An overview of commercial aviation in the Russian Far East
Aviation in the Russian Far East gears up for an upgrade
Rather than a clearly defined administrative entity, when Russians talk of their country’s Far East they usually refer to a loosely defined area that stretches from the Bering Straits, barely a few miles off Alaska’s coast, all the way to the Eastern shores of Lake Baikal.
This is a vast, sparsely populated region, teeming with wildlife and rich in natural resources, but where transportation options are few and far between.
Just as it happens in Alaska or in the Canadian North, aviation plays an essential role here, connecting isolated settlements to a handful of regional hubs such as Khabarovsk, Vladivostok, Yuzhno-Sakhalinsk, Petropavlovsk-Kamchatsky.
These regional centers are, in turn, linked to Moscow by daily nonstop flights, a vital lifeline to the country’s far-flung capital.
Although domestic traffic is still the bread and butter Russia’s Far East airports, these are also turning their attention towards the buzzing metropolises of Japan, Korea and China.
The recent introduction to a simplified e-visa scheme for citizens of eighteen (mostly) Asian countries entering Russia through its Far Eastern gateways is but the latest of the initiatives aimed at drawing tourism and investment to the region.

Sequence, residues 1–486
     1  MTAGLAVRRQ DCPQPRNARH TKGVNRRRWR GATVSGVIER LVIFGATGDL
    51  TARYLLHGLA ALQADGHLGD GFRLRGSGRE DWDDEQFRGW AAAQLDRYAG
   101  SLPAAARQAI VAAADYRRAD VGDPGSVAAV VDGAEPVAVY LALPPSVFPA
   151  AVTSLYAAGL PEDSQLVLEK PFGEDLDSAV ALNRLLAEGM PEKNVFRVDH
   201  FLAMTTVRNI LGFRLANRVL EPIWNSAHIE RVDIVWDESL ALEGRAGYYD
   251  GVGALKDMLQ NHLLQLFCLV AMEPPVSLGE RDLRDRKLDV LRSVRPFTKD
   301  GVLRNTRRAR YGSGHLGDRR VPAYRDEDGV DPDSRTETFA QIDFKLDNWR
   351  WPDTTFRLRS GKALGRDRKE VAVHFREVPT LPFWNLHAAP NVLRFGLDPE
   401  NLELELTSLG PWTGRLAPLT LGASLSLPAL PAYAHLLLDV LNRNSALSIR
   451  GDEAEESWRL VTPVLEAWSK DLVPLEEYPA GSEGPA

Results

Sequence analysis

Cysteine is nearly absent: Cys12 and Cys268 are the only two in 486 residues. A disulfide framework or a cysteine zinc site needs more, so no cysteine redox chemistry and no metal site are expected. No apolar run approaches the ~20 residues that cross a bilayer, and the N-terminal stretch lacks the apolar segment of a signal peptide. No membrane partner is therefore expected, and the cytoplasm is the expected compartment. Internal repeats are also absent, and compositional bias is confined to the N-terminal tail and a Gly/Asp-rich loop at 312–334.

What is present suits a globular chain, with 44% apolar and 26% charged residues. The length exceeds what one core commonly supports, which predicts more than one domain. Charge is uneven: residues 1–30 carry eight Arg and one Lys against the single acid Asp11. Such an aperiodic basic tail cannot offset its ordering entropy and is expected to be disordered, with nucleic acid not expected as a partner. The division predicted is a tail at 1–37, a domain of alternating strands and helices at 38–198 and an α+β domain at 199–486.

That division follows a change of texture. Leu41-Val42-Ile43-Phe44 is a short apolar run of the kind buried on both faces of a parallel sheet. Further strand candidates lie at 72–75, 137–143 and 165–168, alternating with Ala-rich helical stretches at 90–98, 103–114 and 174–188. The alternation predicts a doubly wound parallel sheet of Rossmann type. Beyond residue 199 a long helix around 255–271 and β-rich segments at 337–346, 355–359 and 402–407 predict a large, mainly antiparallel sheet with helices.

Whether these schemes are going to succeed in breaking the traditional isolation of this part of the World remains to be seen. What is hardly in doubt is that, one way or another, the economic prosperity of Russia’s Far East is inextricably linked to the fortunes of the commercial aviation industry. But what are the prospects?
Build it and they will come?
Have a look at any flight tracking site and you will see how the skies above Russia’s Far East are busy with traffic. Two major air corridors go over it, one in a Northwesterly direction, channeling flights from Japan and Korea onto Europe and the other North-Eastwards, the main trunk route between East Asia and North America.
Yet, very few international flights call at the regions’ airports.
In fact, its four top airports show rather modest traffic flows, only two of them are above the 2M annual passenger mark, Vladivostok (VVO) with 2.1M pax per year and Khabarovsk (KHV) which is just above 2M. Lesser local hubs are below one million: Yuzhno-Sakhalinsk (UUS), 985k and Petropavlovsk-Kamchatsky (PKC) 620k (all figures are end of year 2017).